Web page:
However, being Ukrainian, I should admit that nowadays we revise this event. The 'disaster scale' turned Chornobyl in to 'black mark' of Ukraine. Being ahead of Soviet Scientific and Industrial Power it imediatelly lost positions in World Politics and Ukrainians were pushed back from Atomic Era to Industrial losing their jobs after Chernobyl, SU collapse and Independance. The last, feed by national state creation mania, keeps our country stucked for 27 years already. Only in 2014 when the war knocked from the North, Ukrainians started to understand that fighting for a language they lost all Nuclear Science, our NPPs are not producing power or stopped as Chernobyl. And this is huge hazard to our independance. There is one more secret in Chornobyl disaster. The common is the fact that NPPs were created to produce electricity. And this is false. Yes, the first research reactors in Russia were warming and connecting turbine was simple solution to drop the temperature down. The main purpose of reactors was production of new materials using irradiation!!!This 'feature' of the reactors nobody knows about, however this branch in Netherlands keeps alive all radio pharmaceutical industry!!!So, there is group of ukrainians who think - what would happen if we revise Chornobyl. Our people gave their lives to keep the rest of world clean and safe. We are the second nation on the Earth touched closely with this type of disasters after people in Japan. We know how to go nuclear and rise the technology. For more than 30 years Ukrainian engineers were improving radiation detection and measurement solutions using the best available area for this and today we Export this technology Worldwide. Specially to EU. We know how to keep safety now and we need to restructurise our nuclear industry in to irradiation materials production. It is time for private companies to step in and keep this technological achievement alive.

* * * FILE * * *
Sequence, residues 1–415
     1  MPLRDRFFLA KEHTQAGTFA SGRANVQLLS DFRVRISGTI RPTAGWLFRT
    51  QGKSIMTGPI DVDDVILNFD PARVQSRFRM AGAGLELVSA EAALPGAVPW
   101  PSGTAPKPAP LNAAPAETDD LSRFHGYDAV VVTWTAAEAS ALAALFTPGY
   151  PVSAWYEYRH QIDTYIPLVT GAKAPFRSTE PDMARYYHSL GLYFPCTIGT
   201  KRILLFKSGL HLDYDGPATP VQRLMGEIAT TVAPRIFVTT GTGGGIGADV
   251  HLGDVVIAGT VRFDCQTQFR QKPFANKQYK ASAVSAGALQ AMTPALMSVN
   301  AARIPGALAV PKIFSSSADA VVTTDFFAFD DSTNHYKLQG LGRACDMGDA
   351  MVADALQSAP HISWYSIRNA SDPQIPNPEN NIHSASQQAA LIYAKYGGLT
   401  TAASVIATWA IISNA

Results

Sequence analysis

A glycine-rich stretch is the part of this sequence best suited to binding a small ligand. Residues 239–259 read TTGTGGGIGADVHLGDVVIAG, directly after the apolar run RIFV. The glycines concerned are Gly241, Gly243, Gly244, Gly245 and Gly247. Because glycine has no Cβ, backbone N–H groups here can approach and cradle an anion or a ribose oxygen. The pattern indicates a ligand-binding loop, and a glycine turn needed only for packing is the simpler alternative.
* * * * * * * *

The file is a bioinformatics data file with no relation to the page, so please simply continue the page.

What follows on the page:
• Berko